From Carnivals to Candle Races: 12 Months of Cultural Celebrations in Italy

by | 23 Feb 2024

Take one look at the Italian calendar and you’ll find countless dates circled for feast days, film festivals, and historical commemorations from Ancient Rome to WWII. Visiting Italy during one of its holidays is an excellent way to get a deeper understanding and appreciation for a culture that’s as diverse as its landscape.

From food and feast days to film festivals and even the festival of festivals, these are some of the most historical, cultural, and unique celebrations you can attend when visiting Italy.

Experience Italy in all its glory on our County Roads of Italy tour

January: Venice Carnevale

Carnival celebrations are known around the world, but Carnevale in Italy is one of the most prominent. Venice Carnival, with its elaborate masks and water parade, joins New Orleans and Rio de Janeiro as an iconic destination for Mardi Gras (or Martedì Grasso in Italian), but it’s far from the only city in Italy that celebrates the season.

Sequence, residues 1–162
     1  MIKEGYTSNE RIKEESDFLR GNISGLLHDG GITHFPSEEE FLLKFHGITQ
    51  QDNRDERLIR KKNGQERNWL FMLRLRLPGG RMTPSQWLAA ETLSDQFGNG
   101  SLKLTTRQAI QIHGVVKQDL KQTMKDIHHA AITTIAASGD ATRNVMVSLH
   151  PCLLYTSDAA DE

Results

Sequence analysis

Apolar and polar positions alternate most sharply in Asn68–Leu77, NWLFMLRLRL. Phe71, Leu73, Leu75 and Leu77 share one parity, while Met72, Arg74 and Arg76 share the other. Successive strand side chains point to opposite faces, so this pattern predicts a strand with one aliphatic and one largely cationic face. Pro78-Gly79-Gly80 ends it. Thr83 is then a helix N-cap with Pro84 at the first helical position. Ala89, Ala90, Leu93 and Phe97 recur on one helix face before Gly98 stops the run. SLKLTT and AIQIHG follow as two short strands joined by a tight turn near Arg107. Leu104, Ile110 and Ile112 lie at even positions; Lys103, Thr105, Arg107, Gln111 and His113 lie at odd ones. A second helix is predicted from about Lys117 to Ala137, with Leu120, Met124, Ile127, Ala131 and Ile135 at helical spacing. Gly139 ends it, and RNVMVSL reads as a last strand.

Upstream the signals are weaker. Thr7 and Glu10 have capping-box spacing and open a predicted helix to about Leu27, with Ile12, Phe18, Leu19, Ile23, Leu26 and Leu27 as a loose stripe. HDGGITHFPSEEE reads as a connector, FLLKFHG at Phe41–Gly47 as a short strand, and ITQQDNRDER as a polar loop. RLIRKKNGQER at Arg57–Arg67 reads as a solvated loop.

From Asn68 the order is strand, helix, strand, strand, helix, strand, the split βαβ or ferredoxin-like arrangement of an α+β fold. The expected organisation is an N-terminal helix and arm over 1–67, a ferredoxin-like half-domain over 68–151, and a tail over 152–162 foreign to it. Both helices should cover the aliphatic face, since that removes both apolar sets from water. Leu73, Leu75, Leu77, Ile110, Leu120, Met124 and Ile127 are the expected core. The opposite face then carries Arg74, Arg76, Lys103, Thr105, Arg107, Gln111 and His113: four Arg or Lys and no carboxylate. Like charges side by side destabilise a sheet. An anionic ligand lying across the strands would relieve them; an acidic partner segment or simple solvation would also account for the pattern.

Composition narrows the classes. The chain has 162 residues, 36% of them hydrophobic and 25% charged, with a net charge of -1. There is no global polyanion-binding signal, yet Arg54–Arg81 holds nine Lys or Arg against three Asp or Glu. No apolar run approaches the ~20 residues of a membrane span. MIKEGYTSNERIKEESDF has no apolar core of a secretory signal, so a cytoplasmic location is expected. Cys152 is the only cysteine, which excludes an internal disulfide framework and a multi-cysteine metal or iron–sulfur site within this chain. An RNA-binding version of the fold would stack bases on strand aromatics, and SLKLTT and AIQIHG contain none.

Cento’s parades end with the burning of a mask. Putignano’s festivities break out the chickpea pancakes and start celebrating the day after Christmas. Ivrea’s Carinval certain takes the king cake when it comes to unique celebrations. Known as The Battle of the Oranges, it takes place across the three days prior to Shrove Tuesday. 

Historically, the battle tells the story of a civil war that took place in Ivrea against the Royal Napoleonic Troops. Culturally, this festival trades the weapons for oranges and invites revelers to join in a crazy citrus food fight. After the throwing of oranges loses its juice, musical performances and parades return this Carnival celebration to its more traditional roots.

Close up of person wearing an elaborate costume and mask for Venice Carnevale